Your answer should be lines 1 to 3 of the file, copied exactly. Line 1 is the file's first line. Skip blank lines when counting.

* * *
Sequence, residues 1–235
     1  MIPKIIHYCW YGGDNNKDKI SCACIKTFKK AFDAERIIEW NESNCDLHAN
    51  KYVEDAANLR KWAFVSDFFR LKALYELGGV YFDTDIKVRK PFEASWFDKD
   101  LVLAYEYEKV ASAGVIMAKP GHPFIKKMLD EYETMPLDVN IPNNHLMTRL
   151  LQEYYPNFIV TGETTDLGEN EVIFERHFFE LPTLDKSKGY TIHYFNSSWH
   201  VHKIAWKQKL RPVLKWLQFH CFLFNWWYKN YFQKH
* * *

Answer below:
Sequence, residues 1–235
     1  MIPKIIHYCW YGGDNNKDKI SCACIKTFKK AFDAERIIEW NESNCDLHAN
    51  KYVEDAANLR KWAFVSDFFR LKALYELGGV YFDTDIKVRK PFEASWFDKD